What Your Small Business Needs to Know About Coronavirus and What You Should Do Now

What Your Small Business Needs to Know About Coronavirus and What You Should Do Now

Coronavirus has made its way to the U.S. And the CDC recently released guidance for businesses that are concerned about its potential impact.

Coronavirus, also known as COVID-19, is a virus that causes a wide range of symptoms. Mild cases include cough, shortness of breath, fever, and respiratory issues. Severe cases can lead to viral pneumonia, which cannot be treated with antibiotics. It’s part of the coronavirus family, which has mainly impacted animals in China to this point. It has since spread to several countries around the world, including the U.S.

For businesses, the spread of coronavirus may also impact the workplace. It’s possible that your employees may need extra time off to get medical attention for these symptoms, or to care for loved one who have been affected.

However, it’s usually better to deal with a few absent employees than the alternative. If people feel pressured to not miss any work and an infectious disease spreads around your office or facility, employees may miss significant time and put others at risk. For the good of your team, customers, business, and the community, it’s best to exercise caution when it comes to employees showing symptoms.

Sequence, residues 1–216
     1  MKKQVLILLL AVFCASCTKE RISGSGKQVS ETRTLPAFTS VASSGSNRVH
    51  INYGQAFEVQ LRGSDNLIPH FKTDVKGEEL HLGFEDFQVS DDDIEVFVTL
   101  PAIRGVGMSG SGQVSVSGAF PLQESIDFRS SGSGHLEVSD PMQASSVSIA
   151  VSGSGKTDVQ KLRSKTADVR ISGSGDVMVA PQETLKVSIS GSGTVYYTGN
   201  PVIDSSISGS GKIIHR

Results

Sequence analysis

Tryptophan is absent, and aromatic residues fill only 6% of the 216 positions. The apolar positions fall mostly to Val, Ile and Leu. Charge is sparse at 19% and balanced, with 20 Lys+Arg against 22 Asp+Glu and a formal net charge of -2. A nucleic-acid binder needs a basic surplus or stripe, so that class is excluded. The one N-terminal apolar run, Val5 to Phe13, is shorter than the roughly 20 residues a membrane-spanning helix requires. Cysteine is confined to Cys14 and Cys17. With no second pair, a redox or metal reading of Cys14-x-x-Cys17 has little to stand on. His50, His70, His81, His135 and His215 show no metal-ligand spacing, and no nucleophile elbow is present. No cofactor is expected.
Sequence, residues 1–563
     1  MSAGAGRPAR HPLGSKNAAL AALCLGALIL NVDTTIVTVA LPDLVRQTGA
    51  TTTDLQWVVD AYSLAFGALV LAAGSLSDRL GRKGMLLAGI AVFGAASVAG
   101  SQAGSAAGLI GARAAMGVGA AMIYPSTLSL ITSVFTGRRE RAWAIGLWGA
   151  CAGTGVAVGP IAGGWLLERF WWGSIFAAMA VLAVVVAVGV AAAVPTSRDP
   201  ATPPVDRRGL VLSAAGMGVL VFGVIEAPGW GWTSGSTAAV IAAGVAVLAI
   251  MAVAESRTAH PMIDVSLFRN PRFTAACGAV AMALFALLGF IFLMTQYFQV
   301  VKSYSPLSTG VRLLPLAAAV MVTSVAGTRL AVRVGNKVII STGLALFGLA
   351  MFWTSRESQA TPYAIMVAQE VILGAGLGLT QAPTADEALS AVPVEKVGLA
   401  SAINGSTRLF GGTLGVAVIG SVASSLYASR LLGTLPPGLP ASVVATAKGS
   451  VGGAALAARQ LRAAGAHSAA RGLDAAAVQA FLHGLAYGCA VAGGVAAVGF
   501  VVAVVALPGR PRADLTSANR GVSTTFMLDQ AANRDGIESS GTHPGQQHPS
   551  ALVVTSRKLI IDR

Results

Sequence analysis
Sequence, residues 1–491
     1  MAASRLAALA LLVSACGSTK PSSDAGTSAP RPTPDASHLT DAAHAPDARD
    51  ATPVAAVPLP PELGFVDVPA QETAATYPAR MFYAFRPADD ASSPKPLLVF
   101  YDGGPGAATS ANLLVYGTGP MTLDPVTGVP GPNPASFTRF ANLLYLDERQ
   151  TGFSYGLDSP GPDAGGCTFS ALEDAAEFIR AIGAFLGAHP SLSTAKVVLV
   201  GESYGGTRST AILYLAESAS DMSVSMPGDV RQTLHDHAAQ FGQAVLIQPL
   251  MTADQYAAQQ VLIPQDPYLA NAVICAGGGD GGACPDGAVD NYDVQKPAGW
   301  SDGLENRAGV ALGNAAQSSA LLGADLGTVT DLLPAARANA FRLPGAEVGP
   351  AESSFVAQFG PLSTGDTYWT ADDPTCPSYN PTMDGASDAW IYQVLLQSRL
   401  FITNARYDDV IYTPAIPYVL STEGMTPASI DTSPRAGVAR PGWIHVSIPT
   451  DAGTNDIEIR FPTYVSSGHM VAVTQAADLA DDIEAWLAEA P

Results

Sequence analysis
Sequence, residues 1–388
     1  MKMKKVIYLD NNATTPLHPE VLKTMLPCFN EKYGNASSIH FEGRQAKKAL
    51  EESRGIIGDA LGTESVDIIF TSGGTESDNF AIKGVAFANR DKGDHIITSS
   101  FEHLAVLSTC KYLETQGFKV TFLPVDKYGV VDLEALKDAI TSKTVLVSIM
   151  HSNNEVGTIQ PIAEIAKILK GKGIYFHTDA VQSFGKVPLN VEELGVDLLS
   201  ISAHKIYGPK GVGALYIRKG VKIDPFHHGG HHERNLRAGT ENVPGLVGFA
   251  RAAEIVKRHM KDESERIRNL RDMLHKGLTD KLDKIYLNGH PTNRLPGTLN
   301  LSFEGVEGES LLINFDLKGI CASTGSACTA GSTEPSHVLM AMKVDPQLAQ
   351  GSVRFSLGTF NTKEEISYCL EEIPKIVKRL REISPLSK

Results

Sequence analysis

The CDC statement reads, in part, “All employers should be ready to implement strategies to protect their workforce from COVID-19 while ensuring continuity of operations. During a COVID-19 outbreak, all sick employees should stay home and away from the workplace, respiratory etiquette and hand hygiene should be encouraged, and routine cleaning of commonly touched surfaces should be performed regularly.”

What Small Businesses Can Do Now

More specifically, the CDC recommends that businesses adopt flexible sick time policies and avoid making employees adhere to limits or obtain doctor’s notes. Place posters or literature around your office or business to explain any policy changes to employees and make sure they know to take time off and let a supervisor know, if needed. You may need to take alternative measures to make up for a potential loss of man hours, like outsourcing or asking some team members to be on-call.

The agency also stresses the importance of proper hand washing and environmental cleaning. So make sure sufficient cleaners and hand washing stations are present around your facility.

The coronavirus outbreak could prove potentially even more troubling. Especially to business owners or professionals who travel on a regular basis. Do you or a team member take frequent trips? Heave they flown recently to countries where there have been outbreaks? Then look out for symptoms. And contact a healthcare professional right away if you experience any.

Overall, businesses need to take the risks of coronavirus seriously. And plan for potential absenteeism. This may become necessary if employees need to get medical attention. Or if they need to assist sick family members. However, the CDC also notes it’s also important to maintain confidentiality. Protect the privacy of those who may be dealing with coronavirus symptoms. And never make determinations based on other factors like race or country of origin.

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